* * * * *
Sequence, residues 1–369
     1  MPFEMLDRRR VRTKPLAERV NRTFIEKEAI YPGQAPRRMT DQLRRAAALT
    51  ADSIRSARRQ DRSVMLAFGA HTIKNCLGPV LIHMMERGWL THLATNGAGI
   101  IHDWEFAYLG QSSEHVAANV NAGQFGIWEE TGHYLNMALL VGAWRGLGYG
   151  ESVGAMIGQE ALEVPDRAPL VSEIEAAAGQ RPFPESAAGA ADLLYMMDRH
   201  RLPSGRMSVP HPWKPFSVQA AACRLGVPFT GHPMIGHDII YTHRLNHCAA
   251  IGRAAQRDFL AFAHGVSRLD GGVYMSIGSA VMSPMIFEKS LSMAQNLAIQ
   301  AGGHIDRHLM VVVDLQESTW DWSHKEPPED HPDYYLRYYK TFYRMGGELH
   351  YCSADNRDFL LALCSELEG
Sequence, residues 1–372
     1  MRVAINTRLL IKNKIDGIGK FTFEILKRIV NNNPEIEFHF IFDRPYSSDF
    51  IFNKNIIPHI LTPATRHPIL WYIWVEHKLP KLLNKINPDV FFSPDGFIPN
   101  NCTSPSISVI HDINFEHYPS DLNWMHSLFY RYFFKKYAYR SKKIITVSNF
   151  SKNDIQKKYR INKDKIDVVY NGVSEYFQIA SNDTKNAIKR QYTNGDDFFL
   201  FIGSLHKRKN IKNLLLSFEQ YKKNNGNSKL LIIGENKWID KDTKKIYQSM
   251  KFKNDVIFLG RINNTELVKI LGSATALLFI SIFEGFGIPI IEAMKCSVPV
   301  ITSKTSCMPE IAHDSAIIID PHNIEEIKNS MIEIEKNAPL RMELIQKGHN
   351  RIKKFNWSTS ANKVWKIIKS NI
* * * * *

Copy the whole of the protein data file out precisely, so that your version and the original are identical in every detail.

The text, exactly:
Sequence, residues 1–369
     1  MPFEMLDRRR VRTKPLAERV NRTFIEKEAI YPGQAPRRMT DQLRRAAALT
    51  ADSIRSARRQ DRSVMLAFGA HTIKNCLGPV LIHMMERGWL THLATNGAGI
   101  IHDWEFAYLG QSSEHVAANV NAGQFGIWEE TGHYLNMALL VGAWRGLGYG
   151  ESVGAMIGQE ALEVPDRAPL VSEIEAAAGQ RPFPESAAGA ADLLYMMDRH
   201  RLPSGRMSVP HPWKPFSVQA AACRLGVPFT GHPMIGHDII YTHRLNHCAA
   251  IGRAAQRDFL AFAHGVSRLD GGVYMSIGSA VMSPMIFEKS LSMAQNLAIQ
   301  AGGHIDRHLM VVVDLQESTW DWSHKEPPED HPDYYLRYYK TFYRMGGELH
   351  YCSADNRDFL LALCSELEG
Sequence, residues 1–372
     1  MRVAINTRLL IKNKIDGIGK FTFEILKRIV NNNPEIEFHF IFDRPYSSDF
    51  IFNKNIIPHI LTPATRHPIL WYIWVEHKLP KLLNKINPDV FFSPDGFIPN
   101  NCTSPSISVI HDINFEHYPS DLNWMHSLFY RYFFKKYAYR SKKIITVSNF
   151  SKNDIQKKYR INKDKIDVVY NGVSEYFQIA SNDTKNAIKR QYTNGDDFFL
   201  FIGSLHKRKN IKNLLLSFEQ YKKNNGNSKL LIIGENKWID KDTKKIYQSM
   251  KFKNDVIFLG RINNTELVKI LGSATALLFI SIFEGFGIPI IEAMKCSVPV
   301  ITSKTSCMPE IAHDSAIIID PHNIEEIKNS MIEIEKNAPL RMELIQKGHN
   351  RIKKFNWSTS ANKVWKIIKS NI